In 1970 I was a Police Officer and was called out of the jail (I had jail duty) one night and assigned to a black and white patrol car. At approximately 2200 hours I bagged a DUI who was not just DUI, but incredibly drunk. The arrestee was a 1st LT. who was wearing his class A's, replete with a CIB, Bronze Star, Purple Heart, and his West Point Class Ring, Class of 1968.

He explained that he was home on compassionate leave because his dad had suffered a heart attack. He said he was going to recover and leave the hospital soon and that he had purposely gotten drunk as hell so that he would get arrested, jailed, prosecuted, and convicted. As a result he could hope to be discharged from the Army or at least get a reprieve from Vietnam and the Infantry.

I told him that maybe things might not seem so bad in the morning after he sobered up and that this could be a decision he might regret. The night's action was slow so I handcuffed him and drove him around until 0700 the next morning. The young officer was very drunk and talked incessantly about firefights, "DD 1300s casualty reports," "canned letters" to wives and parents saying things like "George was one of the finest soldiers that I have ever known etc. If would be of help please feel free to write to me, etc. Then the Captain would sign the mf'ers!" The things this guy was saying and talking about, the stories he had to tell, were pure horror. He had a very wounded soul.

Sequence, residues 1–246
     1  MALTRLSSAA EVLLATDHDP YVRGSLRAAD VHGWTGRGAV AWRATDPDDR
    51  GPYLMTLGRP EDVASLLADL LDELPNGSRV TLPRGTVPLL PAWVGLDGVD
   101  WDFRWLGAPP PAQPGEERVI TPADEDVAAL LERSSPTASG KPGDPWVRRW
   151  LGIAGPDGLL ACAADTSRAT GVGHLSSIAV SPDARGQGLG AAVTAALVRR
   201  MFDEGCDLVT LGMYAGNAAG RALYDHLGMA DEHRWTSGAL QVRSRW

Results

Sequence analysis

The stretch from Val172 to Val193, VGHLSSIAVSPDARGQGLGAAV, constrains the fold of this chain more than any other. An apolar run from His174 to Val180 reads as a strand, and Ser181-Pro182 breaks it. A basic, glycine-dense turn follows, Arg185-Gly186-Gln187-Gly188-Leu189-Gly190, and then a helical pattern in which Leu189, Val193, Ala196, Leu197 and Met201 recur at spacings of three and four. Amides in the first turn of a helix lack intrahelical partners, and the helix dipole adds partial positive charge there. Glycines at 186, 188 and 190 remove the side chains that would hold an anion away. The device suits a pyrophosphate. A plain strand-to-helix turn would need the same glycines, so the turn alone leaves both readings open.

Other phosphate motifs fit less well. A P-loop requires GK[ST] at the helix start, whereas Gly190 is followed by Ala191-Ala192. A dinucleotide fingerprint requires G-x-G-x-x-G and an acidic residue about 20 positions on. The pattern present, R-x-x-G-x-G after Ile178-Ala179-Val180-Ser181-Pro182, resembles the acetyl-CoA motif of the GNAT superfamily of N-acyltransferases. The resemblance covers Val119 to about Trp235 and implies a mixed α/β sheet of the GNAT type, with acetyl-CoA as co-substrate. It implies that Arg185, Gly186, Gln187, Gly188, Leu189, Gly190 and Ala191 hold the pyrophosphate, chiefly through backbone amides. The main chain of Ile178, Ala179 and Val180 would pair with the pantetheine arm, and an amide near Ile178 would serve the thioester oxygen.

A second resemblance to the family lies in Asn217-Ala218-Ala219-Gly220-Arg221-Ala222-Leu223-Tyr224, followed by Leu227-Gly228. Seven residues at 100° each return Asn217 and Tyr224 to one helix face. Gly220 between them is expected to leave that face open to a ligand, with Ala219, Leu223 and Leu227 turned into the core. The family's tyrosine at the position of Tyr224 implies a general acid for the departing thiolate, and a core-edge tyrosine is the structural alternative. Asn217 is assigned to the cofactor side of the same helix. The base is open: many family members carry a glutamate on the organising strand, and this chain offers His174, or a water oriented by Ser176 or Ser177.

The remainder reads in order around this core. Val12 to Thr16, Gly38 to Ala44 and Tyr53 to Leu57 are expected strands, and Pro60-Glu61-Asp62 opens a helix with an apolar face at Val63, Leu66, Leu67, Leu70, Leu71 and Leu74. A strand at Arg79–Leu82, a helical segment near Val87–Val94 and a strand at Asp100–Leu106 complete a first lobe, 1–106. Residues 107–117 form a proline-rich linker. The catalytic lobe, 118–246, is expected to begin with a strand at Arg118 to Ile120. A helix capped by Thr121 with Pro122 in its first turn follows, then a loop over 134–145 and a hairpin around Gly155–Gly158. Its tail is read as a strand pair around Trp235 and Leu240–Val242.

At the end the shift I had him shower and clean up as best he could at the sheriff's station and I bought him breakfast at a nearby restaurant. I drove him back to his car, wished him well and he thanked me at length for my understanding and how I had helped him through a difficult night. The young Lieutenant finished his time in the Army and retired as a Brigadier General. He has been a life long friend of mine since that night I picked him up so many years ago.